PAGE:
In order to do this I look at Colossians 3.1-4 and 4.2-4 together. Here is a preview:
. . . Missions is not something that the church attempts in and of her own strength, wisdom and strategizing for God; rather, missions is about God's plan and his activities, and the church's privilege to participate in what he is doing. And one of the main ways that the church participates in missions is through prayer. Praying for the church's work, then, is not peripheral, but is central. It is central to the nature of missions as God's work and it is central to who we are in Christ.

. . . The Bible is an integrated and true story with a plot line. And the plot line centers on a God who is on a mission to glorify himself, through his Son, by creating a people for his name's sake. From the beginning, God has been on a mission to bring a people to experience and enjoy the eternal fellowship experienced and enjoyed among the three persons of the Trinity.

. . . Paul calls us to understand our place in the drama of redemption, our place of sharing in the role of the main protagonist, Jesus Christ, so that we might know how to live out our new roles in this continuing drama.

. . . And hear me, God will accomplish his ends . . . God is on a great unstoppable mission to glorify himself through the Son by saving a people for his name's sake. When this understanding of God, his purposes, and our new identity in Jesus Christ grips us, how can we do anything other than pray for his mission in which we are participating?!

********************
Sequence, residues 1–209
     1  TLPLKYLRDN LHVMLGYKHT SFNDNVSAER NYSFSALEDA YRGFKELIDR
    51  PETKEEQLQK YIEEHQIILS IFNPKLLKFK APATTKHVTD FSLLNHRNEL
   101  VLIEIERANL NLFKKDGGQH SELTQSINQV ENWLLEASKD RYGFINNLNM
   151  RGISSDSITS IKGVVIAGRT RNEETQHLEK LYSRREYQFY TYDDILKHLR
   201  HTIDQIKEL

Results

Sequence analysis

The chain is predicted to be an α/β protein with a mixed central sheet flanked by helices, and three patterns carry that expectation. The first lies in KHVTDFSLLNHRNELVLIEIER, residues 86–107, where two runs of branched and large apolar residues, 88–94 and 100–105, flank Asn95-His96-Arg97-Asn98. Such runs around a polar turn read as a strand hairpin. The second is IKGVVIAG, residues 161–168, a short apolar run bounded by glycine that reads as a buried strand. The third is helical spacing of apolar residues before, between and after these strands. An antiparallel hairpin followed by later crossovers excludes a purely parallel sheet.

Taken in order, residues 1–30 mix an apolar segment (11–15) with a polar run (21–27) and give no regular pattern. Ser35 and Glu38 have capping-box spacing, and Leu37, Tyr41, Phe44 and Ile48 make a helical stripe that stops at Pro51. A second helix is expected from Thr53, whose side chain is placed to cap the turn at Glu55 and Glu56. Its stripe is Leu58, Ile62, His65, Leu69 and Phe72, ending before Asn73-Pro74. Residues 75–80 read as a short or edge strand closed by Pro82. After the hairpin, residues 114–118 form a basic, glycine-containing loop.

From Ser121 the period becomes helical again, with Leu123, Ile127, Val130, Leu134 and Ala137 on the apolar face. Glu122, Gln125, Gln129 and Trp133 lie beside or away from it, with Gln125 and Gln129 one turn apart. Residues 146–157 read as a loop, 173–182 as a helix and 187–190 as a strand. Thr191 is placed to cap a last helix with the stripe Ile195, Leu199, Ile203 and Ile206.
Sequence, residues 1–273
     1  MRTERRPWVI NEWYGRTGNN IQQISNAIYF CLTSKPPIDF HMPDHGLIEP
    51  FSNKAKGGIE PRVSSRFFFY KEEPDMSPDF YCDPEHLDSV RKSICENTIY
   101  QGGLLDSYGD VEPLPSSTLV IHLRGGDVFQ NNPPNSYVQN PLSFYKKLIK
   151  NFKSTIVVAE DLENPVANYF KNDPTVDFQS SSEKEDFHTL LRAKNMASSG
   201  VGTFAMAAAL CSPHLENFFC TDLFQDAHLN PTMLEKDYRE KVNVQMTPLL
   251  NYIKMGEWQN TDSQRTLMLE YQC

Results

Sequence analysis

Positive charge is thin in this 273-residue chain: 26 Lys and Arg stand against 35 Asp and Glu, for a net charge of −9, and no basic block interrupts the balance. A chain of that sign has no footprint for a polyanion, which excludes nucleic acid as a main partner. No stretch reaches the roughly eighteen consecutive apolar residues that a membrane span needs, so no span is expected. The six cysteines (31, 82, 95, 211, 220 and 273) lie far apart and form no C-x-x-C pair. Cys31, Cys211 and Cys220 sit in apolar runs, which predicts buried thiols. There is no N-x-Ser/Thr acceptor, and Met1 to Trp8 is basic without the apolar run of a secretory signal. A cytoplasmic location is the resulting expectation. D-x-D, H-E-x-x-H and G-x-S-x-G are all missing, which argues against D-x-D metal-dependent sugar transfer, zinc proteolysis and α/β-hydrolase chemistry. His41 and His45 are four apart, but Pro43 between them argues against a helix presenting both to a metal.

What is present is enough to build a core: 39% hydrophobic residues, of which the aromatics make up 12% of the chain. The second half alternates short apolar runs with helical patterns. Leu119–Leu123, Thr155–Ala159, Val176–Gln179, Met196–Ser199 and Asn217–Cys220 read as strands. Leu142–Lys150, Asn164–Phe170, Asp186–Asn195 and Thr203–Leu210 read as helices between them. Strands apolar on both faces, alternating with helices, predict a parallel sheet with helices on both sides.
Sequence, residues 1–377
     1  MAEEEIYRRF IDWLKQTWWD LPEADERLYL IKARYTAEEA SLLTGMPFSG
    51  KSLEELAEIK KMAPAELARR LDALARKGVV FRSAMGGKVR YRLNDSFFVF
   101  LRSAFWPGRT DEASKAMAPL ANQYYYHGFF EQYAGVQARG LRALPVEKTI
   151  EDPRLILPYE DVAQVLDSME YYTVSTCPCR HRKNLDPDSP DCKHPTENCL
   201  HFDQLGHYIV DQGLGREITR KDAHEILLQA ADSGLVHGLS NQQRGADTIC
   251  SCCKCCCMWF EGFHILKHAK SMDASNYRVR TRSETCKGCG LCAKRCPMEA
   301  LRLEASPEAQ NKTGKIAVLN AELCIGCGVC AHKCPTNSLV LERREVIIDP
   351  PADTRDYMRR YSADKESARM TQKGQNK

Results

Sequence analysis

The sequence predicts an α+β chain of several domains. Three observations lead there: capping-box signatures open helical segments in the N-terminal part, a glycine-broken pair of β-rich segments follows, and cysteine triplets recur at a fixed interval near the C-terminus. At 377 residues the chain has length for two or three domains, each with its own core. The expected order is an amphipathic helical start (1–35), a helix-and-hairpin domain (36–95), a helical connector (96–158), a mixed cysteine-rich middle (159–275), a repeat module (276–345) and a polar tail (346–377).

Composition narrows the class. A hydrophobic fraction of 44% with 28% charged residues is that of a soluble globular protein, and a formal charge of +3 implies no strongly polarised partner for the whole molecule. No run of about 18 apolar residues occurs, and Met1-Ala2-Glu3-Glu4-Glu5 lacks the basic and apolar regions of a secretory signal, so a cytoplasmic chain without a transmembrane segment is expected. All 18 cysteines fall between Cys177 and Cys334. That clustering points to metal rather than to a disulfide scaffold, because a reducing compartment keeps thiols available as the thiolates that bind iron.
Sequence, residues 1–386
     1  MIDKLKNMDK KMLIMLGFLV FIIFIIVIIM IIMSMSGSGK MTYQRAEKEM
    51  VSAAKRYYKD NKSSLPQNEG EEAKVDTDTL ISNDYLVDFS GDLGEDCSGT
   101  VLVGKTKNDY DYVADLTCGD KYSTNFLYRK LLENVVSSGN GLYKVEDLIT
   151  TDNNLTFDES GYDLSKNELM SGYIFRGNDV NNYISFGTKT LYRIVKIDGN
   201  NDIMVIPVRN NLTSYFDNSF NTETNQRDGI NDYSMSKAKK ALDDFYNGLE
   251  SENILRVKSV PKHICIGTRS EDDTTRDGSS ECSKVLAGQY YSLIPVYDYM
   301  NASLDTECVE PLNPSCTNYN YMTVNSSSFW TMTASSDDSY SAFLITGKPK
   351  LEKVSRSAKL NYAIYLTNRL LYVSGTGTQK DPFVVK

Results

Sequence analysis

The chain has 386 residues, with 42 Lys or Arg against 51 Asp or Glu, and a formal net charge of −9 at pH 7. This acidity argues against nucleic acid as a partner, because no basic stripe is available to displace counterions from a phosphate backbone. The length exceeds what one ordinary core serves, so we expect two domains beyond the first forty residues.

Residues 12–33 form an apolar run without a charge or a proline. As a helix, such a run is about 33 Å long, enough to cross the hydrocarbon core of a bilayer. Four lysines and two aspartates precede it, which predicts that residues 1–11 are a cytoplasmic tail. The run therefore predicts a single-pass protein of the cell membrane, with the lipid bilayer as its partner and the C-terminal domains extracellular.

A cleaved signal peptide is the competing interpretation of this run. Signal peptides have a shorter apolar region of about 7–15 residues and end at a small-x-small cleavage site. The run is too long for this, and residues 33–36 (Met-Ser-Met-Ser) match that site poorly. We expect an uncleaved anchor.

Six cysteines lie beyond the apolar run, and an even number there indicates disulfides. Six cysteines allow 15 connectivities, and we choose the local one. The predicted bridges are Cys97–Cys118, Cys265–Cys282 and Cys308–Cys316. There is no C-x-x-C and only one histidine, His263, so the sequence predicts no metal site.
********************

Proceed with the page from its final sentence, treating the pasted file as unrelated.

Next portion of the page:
. . . Those who preach and teach the gospel, those who administer the sacraments and church discipline, those who plant churches here in America, those who go to foreign lands across the globe, those who write and publish studies to help people to be nourished in the their faith and trained for gospel ministry, they are not the only ones who are called to participate in world wide outreach. The congregations, you, Grace Church, also have been called to share in the work by your prayers. Not everyone will be a preacher--but everyone has a role in God's unfolding drama of redemption. When you pray, you participate in the forward advancement of the gospel and the forward advancement of the plot that leads to the ultimate consummation of the story. And therefore we pray.
What a privilege it is to be redeemed and to play a role in God's continuing mission of redemption as we find ourselves bound up and united to the main protagonist of the unfolding drama, raised up with him and devoted to prayer.

You can listen to the entire sermon here.

Tuesday, September 8, 2009

Interview on the Church and the Public Square Continues

Yesterday I was asked "What is transformationalism?" Well, a new post over at Letters From Mississippi is a good place for one to look. Part III of David Strain's interview of Darry Hart is now available.

Sunday, September 6, 2009